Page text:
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empowerment

Do You Think About Social Change?

Social change, social parity, economic empowerment - it all sounds like a leftist, liberal wish list, doesn't it? But what if this was actually possible - not through demonstrations and protests and May Day marches - but through direct action. A business model which is the antithesis of the one that is based on satisfying shareholders' appetite for profit. One which also shuns handouts in favour of fair wages. That is what Social Business is all about! This is by no means a new idea, and I am, in no way whatsoever, the first to believe in it or write about it. This is a growing movement which puts business right at the front and centre of the fightback against inequalities of all sorts - economic, social and environmental. The aim is quite simple - generate opportunities for people who live in poverty and then reinvest the income to further those opportunities to bring about social parity. Just to be clear - a social business is, after all, a business. An economic activity which needs to be profitable to be sustainable. So, businesses like ours do not shy away from the idea of making a profit. However, selling is not our only goal. Our second goal, which is equally as important, is creating a social impact not only in the lives of the artisans who we work with, but also in the lives of the customers that we serve. Our ultimate aim is to revive and bring to the mainstream arts and crafts that are on the verge of being lost to the world so that these talented artisans can earn a respectable wage and also pass on their skills to more. Mighty oaks from little acorns grow, they say. It sure takes time, but it does happen. According to a recent independent analysis, the Social Enterprise sector contributes £60bn to the UK GDP, nearly three times larger than the agricultural sector! There are about a 100,000 social enterprises employing over 2 million people! All involved in this quest to bring about a social impact. So, when you buy from a social enterprise, you're not adding to the coffers of a multi-million pound corporation. You are helping change the world, one small but perfectly good idea at a time. You are helping create a slightly more equal society.   I'll end this post with the words of Gandhi which tell us that personal and social transformation go hand in hand and which I feel are quite apt for the Social Enterprise movement - both for the businesses and our customers without whose help we would not be successful.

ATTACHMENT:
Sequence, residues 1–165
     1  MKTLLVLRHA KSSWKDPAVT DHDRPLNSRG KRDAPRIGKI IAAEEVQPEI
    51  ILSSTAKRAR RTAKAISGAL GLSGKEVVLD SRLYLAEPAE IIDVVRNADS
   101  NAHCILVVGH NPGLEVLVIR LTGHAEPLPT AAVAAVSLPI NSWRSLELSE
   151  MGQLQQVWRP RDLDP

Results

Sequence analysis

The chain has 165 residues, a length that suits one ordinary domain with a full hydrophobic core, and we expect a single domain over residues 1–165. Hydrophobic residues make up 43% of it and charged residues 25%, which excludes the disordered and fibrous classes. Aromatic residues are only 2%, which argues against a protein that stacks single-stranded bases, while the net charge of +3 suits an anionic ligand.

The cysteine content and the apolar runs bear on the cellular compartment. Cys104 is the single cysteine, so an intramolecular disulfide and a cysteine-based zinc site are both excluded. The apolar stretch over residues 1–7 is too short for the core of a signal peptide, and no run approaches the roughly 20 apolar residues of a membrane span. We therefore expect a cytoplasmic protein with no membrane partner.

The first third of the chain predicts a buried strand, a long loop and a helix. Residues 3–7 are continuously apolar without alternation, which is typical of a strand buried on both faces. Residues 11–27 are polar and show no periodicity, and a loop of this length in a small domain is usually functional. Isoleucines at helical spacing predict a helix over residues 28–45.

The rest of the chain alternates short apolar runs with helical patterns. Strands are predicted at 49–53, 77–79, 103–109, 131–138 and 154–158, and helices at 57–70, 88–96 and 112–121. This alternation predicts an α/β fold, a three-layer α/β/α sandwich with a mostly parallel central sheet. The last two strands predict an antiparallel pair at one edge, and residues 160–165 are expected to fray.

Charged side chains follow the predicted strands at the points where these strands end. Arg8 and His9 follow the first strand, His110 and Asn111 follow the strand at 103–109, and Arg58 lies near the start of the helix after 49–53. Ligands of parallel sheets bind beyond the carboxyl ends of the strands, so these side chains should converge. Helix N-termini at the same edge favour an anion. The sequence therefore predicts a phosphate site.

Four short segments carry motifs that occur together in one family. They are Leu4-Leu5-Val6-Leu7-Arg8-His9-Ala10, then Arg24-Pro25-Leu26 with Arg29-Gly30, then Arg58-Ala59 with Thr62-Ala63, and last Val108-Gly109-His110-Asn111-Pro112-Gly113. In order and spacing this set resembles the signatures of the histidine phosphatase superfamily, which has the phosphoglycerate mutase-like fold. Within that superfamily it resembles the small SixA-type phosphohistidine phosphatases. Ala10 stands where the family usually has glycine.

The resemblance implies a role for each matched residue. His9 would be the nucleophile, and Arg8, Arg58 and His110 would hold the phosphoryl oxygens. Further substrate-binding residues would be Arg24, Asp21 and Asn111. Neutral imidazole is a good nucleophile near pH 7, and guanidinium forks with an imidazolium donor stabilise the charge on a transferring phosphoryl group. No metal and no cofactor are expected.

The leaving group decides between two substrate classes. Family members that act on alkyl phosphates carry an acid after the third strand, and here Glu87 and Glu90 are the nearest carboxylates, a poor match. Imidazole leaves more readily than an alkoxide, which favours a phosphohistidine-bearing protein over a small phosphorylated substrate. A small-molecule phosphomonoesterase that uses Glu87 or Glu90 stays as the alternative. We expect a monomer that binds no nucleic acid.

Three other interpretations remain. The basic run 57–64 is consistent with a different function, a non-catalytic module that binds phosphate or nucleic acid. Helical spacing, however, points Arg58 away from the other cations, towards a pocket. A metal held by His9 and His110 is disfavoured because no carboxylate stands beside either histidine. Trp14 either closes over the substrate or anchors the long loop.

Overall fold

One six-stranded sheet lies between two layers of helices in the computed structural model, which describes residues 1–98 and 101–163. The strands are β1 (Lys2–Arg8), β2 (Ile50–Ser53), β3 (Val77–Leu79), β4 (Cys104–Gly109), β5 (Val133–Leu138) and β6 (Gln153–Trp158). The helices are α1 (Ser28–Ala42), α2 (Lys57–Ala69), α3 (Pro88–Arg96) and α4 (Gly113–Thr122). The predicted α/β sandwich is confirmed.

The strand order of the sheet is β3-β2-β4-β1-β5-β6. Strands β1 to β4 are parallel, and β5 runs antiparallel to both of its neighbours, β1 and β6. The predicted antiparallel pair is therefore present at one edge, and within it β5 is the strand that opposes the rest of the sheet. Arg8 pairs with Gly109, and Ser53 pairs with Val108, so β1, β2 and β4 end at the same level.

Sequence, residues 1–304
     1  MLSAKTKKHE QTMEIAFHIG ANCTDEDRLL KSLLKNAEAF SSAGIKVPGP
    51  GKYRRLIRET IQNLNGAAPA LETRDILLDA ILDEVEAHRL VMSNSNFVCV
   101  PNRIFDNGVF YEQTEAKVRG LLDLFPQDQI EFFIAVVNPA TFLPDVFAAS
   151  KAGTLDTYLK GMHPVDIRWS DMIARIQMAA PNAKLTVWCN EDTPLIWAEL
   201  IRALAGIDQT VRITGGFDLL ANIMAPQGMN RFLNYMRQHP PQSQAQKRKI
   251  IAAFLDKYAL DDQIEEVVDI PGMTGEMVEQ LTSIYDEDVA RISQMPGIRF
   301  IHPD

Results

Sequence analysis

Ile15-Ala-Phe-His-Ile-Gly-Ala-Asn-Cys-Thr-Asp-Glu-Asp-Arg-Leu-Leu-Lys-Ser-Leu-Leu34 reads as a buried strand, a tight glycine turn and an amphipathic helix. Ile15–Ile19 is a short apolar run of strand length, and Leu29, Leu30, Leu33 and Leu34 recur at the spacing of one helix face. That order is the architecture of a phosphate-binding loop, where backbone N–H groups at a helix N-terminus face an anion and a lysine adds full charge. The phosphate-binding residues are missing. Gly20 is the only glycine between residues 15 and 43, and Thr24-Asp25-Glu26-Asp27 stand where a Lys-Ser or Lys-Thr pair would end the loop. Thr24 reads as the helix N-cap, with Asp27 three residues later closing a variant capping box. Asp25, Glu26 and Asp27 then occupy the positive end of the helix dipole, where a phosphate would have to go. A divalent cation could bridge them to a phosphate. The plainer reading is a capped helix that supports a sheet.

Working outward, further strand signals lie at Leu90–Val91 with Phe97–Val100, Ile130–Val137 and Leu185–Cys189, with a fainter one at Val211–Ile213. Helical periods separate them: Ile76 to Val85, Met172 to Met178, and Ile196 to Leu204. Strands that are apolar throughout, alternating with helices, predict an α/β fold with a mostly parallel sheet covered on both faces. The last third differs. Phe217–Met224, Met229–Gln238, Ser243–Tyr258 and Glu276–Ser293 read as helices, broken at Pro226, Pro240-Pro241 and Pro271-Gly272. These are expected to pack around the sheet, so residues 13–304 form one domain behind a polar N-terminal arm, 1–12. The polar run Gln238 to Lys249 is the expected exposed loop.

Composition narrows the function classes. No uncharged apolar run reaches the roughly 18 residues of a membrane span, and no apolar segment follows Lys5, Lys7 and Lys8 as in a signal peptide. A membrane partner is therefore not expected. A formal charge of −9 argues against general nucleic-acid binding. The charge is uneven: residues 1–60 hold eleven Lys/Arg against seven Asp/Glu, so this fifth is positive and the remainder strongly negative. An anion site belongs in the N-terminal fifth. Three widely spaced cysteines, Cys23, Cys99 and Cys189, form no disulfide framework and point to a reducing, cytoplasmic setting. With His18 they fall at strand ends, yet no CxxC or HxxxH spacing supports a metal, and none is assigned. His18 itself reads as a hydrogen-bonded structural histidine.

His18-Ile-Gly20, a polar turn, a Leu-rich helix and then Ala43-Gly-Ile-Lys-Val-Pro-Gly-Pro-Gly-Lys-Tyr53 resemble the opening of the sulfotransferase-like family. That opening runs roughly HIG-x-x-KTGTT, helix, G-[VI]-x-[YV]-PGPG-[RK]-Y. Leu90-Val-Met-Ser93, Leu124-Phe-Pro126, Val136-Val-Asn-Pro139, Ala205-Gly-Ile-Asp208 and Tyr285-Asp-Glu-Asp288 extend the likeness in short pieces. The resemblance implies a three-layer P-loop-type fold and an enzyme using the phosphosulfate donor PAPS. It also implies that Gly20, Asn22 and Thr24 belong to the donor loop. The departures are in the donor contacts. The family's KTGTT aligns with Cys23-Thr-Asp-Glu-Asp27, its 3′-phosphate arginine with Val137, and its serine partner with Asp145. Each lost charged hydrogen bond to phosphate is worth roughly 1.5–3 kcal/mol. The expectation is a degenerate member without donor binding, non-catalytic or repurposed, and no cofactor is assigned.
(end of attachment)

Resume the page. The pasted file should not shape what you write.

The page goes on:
If we could change ourselves, the tendencies in the world would also change. As a man changes his own nature, so does the attitude of the world change towards him... We need not wait to see what others do.
  And on that positive note, and since this might be the last post for 2018...warmest wishes for a wonderful Christmas and here's to a new year full of promise!

Ethical business? Yes, please!

A business is, by definition, an endeavour to make money. Traditionally, businesses have focused on profit which meant amassing wealth for the business owners, caring little or not at all for the machinery (read people) that keeps the business running.

However, with more awareness of the geopolitical situations in the world made possible, in no small measure, by 24x7 TV channels and the growth of the internet, the idea of ethical businesses has taken hold and rightly so. For it is not implausible to think that a commercial activity can be mutually beneficial to the owner of the business and the wider society and environment that it is dependent on. Sounds quite fair and logical, doesn't it? The idea for Ethiqana was borne out of such thinking. There is plenty of art and innovation out there - some that has existed for centuries and more that are constantly evolving to suit the needs of the modern world. There is a massive need for economic empowerment of the communities of artisans who have been left to fend for themselves simply because their art forms do not fit the modern narrative. Either that or massive factories churn out cheap alternatives, often at the expense of the environment and at such a rate that these talented workers don't stand a chance against this greedy industrial juggernaut. And while it is important for us to focus on the needs of the artisans, we must not take our eyes off the ecological innovation ball. For it is the lifeline for our planet if we are to keep it habitable for our future generations.

That is why, at Ethiqana, we take great care in our selection of the range of items we bring to you - ethically sourced, eco-friendly products, providing sustainable livelihoods which make total sense. And as we grow, we will continue to invest and re-invest in our valuable sources and hope to make a small positive contribution in our own way. Like a true ethical business.

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